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W3C Launches HTML Speech Incubator Group

Ultimate goal is to develop tools to better integrate speech with the Web.
By Deborah Dahl - Posted Jan 5, 2011
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To explore ideas around integrating speech with HTML pages, the World Wide Web Consortium (W3C) recently chartered an incubator group on HTML and speech. W3C incubator groups work to explore initial ideas, develop use cases, and prepare requirements for ideas that could later be incorporated into future W3C standards.

The HTML Speech Incubator Group, with founding members AT&T, Google, Microsoft, Mozilla, Openstream, and Voxeo, was initiated to develop ideas that will enable developers to easily integrate basic speech capabilities into HTML5 applications. The ultimate goal of this work is to supply tools for Web developers to provide a high-quality speech and multimodal experience without excessive complexity.

Achieving this goal requires making sure the feature set is sufficiently rich so it can support real applications without being too difficult to use. Some of the interesting topics  the group will explore are how speech recognition and text-to-speech capabilities can be made available in HTML pages, how privacy concerns will be addressed, how authors can control speech recognition resources such as engine selection, how different types of language models can be supported, and how to provide access to detailed speech recognition results, such as the N-best, confidences, and semantic interpretations. In focusing on basic speech services, the group will not be looking at nonspeech input modalities, such as multitouch or handwriting, and it will not look at spoken dialogues or speech capabilities, such as speaker identification and verification.

In addition to the HTML Speech Incubator Group, other ongoing efforts with similar but complementary goals are also taking place. One is the Multimodal Architecture under development by the W3C Multimodal Interaction Working Group. This standard is targeted at more general multimodal applications that could include multidevice capabilities as well as applications that use other input modalities in addition to HTML and speech. Speech grammar standards, such as the Speech Recognition Grammar Specification (SRGS), Semantic Interpretation for Speech Recognition (SISR), and Speech Synthesis Markup Language (SSML) developed by the W3C Voice Browser Working Group, also complement the HTML speech effort.

Of course, a standard for integrating speech and HTML will just provide the mechanics of using speech with Web pages. The ability to integrate speech with graphics alone doesn’t mean applications will automatically be useful or even usable, just as voice-only or graphical applications aren’t automatically useful or usable unless they are well-designed. Since voice applications have become widespread with the adoption of VoiceXML, we’ve seen the rise of a new discipline of voice user interface (VUI) designers who have a thorough understanding of the principles of VUI design. As the tools for integrating speech and HTML become easier to use and support more types of applications, just as with VUI design, we will likely see a new discipline of multimodal design with practitioners who understand and can apply the principles of multimodal design.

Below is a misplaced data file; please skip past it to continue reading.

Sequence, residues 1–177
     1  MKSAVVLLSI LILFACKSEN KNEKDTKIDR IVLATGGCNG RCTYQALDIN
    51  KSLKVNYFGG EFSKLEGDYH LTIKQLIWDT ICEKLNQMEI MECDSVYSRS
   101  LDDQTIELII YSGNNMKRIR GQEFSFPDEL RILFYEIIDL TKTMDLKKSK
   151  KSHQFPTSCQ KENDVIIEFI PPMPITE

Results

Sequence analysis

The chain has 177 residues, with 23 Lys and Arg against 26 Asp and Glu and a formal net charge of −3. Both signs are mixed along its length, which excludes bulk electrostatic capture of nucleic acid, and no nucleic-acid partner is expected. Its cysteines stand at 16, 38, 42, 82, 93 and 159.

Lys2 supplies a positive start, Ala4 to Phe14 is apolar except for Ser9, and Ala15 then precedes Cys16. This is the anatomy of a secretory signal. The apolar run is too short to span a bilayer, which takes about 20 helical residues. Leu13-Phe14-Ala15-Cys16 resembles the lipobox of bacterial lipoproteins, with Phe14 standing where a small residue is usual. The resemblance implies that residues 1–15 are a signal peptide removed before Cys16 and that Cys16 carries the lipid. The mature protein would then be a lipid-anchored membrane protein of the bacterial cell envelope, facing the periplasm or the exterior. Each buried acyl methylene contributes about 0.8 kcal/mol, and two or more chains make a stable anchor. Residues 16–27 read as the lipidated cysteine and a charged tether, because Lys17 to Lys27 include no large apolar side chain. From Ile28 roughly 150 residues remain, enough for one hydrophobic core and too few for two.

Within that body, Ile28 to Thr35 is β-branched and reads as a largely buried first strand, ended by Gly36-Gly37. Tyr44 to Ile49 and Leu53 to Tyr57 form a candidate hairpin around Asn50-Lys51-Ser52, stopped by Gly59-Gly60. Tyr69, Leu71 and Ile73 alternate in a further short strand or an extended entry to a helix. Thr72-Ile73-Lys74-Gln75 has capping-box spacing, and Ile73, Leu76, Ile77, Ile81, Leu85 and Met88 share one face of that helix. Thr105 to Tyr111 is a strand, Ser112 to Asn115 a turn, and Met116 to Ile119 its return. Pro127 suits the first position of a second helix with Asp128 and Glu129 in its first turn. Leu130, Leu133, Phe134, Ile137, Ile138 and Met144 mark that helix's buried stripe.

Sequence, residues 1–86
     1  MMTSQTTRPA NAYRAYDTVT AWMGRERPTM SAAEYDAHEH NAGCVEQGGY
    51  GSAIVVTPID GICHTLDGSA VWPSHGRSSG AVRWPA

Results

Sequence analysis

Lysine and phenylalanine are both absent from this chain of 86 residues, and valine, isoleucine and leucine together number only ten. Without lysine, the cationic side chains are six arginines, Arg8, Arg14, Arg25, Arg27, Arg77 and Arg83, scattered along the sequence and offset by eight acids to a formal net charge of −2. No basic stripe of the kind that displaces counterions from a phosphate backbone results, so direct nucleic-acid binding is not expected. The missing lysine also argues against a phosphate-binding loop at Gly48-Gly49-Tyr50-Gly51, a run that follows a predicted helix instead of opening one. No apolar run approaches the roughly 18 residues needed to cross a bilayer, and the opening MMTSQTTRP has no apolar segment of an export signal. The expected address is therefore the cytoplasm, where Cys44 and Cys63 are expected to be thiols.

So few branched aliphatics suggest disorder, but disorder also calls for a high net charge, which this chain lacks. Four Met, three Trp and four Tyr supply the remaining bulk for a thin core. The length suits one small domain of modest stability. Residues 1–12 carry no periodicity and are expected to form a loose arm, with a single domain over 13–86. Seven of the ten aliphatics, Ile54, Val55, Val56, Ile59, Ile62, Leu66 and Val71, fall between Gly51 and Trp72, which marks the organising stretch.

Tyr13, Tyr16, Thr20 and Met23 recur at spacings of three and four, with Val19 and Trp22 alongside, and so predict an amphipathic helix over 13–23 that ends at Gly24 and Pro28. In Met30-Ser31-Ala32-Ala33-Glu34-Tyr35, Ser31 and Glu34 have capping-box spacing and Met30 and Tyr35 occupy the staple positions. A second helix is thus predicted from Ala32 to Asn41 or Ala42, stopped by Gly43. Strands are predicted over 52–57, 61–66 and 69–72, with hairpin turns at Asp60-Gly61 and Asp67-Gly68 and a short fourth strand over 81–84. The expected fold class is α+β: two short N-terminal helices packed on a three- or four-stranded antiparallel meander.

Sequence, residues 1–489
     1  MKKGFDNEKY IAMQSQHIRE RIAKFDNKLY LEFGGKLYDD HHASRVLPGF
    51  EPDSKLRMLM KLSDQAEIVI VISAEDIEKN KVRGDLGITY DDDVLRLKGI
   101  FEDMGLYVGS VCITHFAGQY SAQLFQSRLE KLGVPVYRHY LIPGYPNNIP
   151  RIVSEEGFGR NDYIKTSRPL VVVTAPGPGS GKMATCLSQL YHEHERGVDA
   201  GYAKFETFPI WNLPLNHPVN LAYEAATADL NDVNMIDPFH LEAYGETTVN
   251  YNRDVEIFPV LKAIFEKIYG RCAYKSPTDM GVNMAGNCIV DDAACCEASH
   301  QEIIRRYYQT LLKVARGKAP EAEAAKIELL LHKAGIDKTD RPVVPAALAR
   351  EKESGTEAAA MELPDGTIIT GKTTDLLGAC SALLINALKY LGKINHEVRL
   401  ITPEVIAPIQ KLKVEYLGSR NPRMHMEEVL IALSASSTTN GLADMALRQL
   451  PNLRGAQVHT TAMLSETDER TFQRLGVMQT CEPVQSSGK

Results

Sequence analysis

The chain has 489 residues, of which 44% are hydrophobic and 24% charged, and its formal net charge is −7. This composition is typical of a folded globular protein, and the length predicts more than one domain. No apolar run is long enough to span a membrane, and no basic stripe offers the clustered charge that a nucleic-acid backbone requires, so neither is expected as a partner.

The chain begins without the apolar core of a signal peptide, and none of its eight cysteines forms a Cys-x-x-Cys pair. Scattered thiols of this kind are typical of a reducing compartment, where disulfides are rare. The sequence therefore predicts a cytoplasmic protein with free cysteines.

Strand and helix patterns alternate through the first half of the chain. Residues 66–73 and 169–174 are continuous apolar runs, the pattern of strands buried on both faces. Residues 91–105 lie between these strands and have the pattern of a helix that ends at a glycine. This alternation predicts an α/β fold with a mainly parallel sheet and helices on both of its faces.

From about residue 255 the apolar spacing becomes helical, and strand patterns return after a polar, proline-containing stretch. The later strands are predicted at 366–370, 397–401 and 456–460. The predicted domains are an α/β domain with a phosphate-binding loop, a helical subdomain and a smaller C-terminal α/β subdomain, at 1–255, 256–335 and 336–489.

Two earlier ideas with similar goals to the HTML speech effort existed. These were Speech Application Language Tags (SALT), proposed by the SALT Forum, and XHTML + Voice (X+V), proposed by a team from Opera, IBM, and Motorola. Both proposals were developed in the early 2000s, but neither was widely adopted. The primary reason for lack of adoption was, at that time, the infrastructure for mobile applications—where the integration of voice and GUI is the most compelling—was much less sophisticated than it is today. Current networks and smartphones far surpass those available when these proposals were developed nearly 10 years ago. Not only is the mobile infrastructure more capable, but speech recognition itself is much faster and more accurate. All of these factors together are making the possibility of integrating speech and HTML an intriguing direction for future Web applications.

More information about the HTML Speech Incubator Group is available at http://www.w3.org/2005/Incubator/htmlspeech. This group works in public, so anyone who is interested can follow the discussions on the group’s public mailing list. The group is chartered to work until August 31.?


Deborah Dahl, Ph.D., is principal at speech and language consulting firm Conversational Technologies and chair of the World Wide Web Consortium’s Multimodal Interaction Working Group. She can be reached at dahl@conversational-technologies.com.

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